Outcomes of the Fifth US-China Innovation Dialogue

The White House Office of Science and Technology Policy recently released a blog on the results of the bilateral Innovation Dialogue with China with the Ministry of Science and Technology and other agencies: http://www.whitehouse.gov/blog/2014/08/13/outcomes-fifth-us-china-innovation-dialogue.

Of particular note are the provisions regarding sanctity of contracts involving inventor compensation. According to the blog:

The United States and China resolved to protect the legal rights of inventors in accordance with their respective domestic laws and regulations, and in line with their domestic laws committed to respect the rules and policies developed by employers and/or legitimate contracts between employers and inventors concerning the awards and/or remuneration of inventors.

For further background see: http://chinaipr.com/2014/04/03/new-service-invention-draft-regulation-and-web-page/ .

MofCOM Hosts Annual IP Program Sept 12 in Washington, DC

MofCOM is hosting its annual IP exchange in the United States this September 12 at the Holiday Inn  on 2101 Wisconsin Avenue in Washington, DC.  There is no charge for attending, but seats are limited.  If you wish to attend, reserve by contacting Mr. Huangjie via huangjie@mofcom.gov.cn or 202-6253355.

Here is the draft agenda:

2014 China’s Overseas IPR Exchange Tour in the U.S.

 September 12, 2014   Simultaneous translation provided

08:30-09:00  Registration

09:00-09:05         Opening remarks by the Chinese side (Mr. Fuli Chen, China’s IP Attaché to the United States)

09:05-09:10         Opening remarks by the U.S. side

09:10-09:30         China’s efforts and achievements in combating IP infringement and piracy in 2014, presented by the Office of China’s National Leading Group on the Fight Against IPR Infringement and Counterfeiting. (Issues concerning trade secret protection will also be mentioned)

09:30-10:00         Ten typical IP cases in 2013, presented by China’s Supreme People’s Procuratorate

10:00-10:15         Q&A

10:15-10:30         Coffee Break

10:30-10:50         Highlights of the Regulations for the Implementation of the Trademark Law, presented by China’s Trademark Administration Bureau under the State Administration for Industry and Commerce

10:50-11:10         Latest development of China’s copyright protection, presented by the National Copyright Administration of China

11:10-11:30          Introduction to China’s GI protection system and the protection granted to Napa Valley Wine, presented by China’s General Administration of Quality Supervision, Inspection and Quarantine

11:30-11:50          Q&A

11:50-11:55          Closing remarks by the Chinese side

11:55-12:00         Closing remarks by the U.S. side

12:00-13:00         Lunch (Buffet)

14:00-16:00         Roundtable meeting (Moderator: Mr. Fuli Chen, China’s IP Attaché to the United States)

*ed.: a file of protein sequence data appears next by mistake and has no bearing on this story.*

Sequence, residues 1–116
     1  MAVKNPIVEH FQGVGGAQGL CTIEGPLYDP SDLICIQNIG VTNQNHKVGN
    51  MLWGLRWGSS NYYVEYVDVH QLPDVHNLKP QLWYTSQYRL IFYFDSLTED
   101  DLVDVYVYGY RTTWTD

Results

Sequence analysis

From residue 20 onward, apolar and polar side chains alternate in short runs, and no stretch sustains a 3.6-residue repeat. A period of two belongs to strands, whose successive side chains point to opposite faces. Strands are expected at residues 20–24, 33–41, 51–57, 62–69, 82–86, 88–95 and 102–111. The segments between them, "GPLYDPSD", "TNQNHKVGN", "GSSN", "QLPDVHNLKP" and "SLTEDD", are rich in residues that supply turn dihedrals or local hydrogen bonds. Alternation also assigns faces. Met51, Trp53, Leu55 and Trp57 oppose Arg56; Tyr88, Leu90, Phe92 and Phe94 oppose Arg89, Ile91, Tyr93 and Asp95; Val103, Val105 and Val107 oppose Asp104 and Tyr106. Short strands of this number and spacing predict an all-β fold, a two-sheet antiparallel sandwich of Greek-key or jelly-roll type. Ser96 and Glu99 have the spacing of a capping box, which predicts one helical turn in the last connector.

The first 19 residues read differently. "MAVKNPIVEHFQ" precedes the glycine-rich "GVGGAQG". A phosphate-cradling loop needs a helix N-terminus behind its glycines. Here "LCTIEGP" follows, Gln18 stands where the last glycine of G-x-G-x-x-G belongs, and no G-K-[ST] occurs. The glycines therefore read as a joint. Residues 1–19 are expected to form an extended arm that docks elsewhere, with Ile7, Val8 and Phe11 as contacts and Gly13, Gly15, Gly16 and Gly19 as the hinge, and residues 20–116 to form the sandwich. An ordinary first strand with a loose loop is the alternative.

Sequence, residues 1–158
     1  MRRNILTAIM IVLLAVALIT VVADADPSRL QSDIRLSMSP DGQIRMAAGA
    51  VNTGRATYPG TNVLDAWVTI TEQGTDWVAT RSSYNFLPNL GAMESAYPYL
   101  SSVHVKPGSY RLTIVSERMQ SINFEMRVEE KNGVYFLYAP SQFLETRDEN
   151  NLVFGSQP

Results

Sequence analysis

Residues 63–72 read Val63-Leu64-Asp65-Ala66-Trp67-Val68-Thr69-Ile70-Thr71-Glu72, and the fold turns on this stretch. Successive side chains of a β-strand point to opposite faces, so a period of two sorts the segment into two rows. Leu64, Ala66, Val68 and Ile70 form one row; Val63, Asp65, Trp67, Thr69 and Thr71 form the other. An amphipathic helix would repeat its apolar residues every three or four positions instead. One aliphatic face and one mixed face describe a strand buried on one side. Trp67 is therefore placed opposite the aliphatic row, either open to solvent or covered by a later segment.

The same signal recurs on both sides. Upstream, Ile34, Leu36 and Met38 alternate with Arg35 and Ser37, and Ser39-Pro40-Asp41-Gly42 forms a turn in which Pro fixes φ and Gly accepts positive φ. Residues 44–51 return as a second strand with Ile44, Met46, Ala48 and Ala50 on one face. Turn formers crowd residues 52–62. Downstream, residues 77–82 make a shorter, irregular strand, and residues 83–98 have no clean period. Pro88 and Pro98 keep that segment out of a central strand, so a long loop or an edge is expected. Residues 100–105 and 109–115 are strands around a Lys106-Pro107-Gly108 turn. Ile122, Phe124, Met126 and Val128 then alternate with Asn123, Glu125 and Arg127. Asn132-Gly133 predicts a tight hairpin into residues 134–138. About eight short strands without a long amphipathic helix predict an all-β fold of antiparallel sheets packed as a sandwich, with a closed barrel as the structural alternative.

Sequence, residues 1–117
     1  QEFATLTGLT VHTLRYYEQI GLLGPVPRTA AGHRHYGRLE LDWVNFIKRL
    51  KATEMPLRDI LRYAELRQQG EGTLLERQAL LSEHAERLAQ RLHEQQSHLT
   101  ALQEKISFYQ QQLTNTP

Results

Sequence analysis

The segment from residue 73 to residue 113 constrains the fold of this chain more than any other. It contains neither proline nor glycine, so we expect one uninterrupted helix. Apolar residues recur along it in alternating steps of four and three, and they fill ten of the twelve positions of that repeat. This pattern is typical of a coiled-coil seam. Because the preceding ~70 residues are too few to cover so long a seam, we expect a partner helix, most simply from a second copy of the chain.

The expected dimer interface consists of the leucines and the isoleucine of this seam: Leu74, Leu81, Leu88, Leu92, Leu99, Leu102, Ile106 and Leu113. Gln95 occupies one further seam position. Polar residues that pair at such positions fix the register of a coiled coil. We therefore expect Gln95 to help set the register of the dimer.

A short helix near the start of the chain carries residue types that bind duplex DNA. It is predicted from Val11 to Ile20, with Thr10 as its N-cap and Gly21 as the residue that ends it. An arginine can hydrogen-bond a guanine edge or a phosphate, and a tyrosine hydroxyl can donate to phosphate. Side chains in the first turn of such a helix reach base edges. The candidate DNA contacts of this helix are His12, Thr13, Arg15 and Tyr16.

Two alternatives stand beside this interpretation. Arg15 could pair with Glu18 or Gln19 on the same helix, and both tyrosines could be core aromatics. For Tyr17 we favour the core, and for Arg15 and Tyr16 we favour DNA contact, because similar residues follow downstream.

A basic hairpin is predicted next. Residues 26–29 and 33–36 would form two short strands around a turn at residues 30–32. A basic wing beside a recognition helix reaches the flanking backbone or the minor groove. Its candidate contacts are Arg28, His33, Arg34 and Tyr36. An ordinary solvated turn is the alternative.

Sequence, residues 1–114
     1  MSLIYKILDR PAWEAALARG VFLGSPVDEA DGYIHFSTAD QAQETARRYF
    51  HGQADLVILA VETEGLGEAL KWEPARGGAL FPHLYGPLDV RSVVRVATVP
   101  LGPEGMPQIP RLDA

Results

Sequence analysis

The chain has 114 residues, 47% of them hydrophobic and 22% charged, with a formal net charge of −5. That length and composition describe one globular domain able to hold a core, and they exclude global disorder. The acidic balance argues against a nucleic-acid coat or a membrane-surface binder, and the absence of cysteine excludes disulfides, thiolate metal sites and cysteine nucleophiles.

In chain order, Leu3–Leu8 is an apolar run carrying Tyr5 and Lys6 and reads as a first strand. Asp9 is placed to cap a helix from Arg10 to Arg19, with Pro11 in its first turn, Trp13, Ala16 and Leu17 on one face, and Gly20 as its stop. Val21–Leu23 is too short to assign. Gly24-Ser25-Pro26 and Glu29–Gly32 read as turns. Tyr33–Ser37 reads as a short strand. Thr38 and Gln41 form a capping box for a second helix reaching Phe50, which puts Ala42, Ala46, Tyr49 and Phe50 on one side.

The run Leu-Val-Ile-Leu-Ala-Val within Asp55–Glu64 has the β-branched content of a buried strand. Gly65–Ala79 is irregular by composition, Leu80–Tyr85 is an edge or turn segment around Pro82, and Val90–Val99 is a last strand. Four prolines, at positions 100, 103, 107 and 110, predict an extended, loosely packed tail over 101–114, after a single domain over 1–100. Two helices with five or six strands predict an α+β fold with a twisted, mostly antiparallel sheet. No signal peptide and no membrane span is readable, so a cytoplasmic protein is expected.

14:00-14:05         Opening remarks by the moderator

14:05-14:15         Self-introduction by members of the Chinese delegation (or by all the participants)

14:15-15:15         Comments and questions from U.S. enterprises

15:15-16:00         Q&A

Zhang Xinzhu Dismissed from AMC Expert Committee

Xinhua reported on August 12 2014 that  the State Council Antimonopoly Commission today fired Chinese Academy of Social Sciences researcher Zhang Xinzhu 张昕竹as a member of its expert advisory panel.  The official reason given was violating AMC expert advisory committee discipline. Zhang claimed the real reason was that he was speaking for foreign firms. Subsequent press reports have identified the relevant conflict of interest rules that Zhang is alleged to have violated. The relevant ethical code (enacted September 2008) is said to be “In order to protect the reputation of the experts committee, members cannot participate and effectuate activities conflicting with the interests of the experts committee; without the consent of the experts committee, they cannot use their title as a member of the experts committee to engage in activities unrelated to the work of the work of the experts committee” 《国务院反垄断委员会专家咨询组工作规则》第三章工作纪律中,第十三条规定了专家咨询组成员工作守则,其中第(三)项明确规定:“维护专家咨询组的声誉,不得从事与履行专家咨询组职责利益冲突的活动;未经国务院反垄断委员会同意,不得以专家咨询组成员身份从事与履行专家咨询组职责无关的活动。The conflict of interest appears to be that Zhang is identified as the second listed author of an AML report “Concerning Economic Evidence of Qualcomm’s Licensing Prices” “关于高通许可定价的经济学证据.”

This issue also continues to play out in the Chinese media and the facts remain unclear. Fortunately thus far it appears to me to be unrelated to efforts to rectify the Chinese Academy of Social Sciences from foreign influence. In early August, the South China Morning Post, reported that Zhang Yingwei, head of the party’s discipline inspection office at CASS, said the academy had been “infiltrated by foreign forces” and “was conducting illegal collusion at politically sensitive times”. At the same time, no information has been provided about other ethical issues arising in AML investigations or whether this type of activity had otherwise been tolerated if, as Zhang might be suggesting, it had been conducted on behalf of a Chinese company despite any specific ethical rule.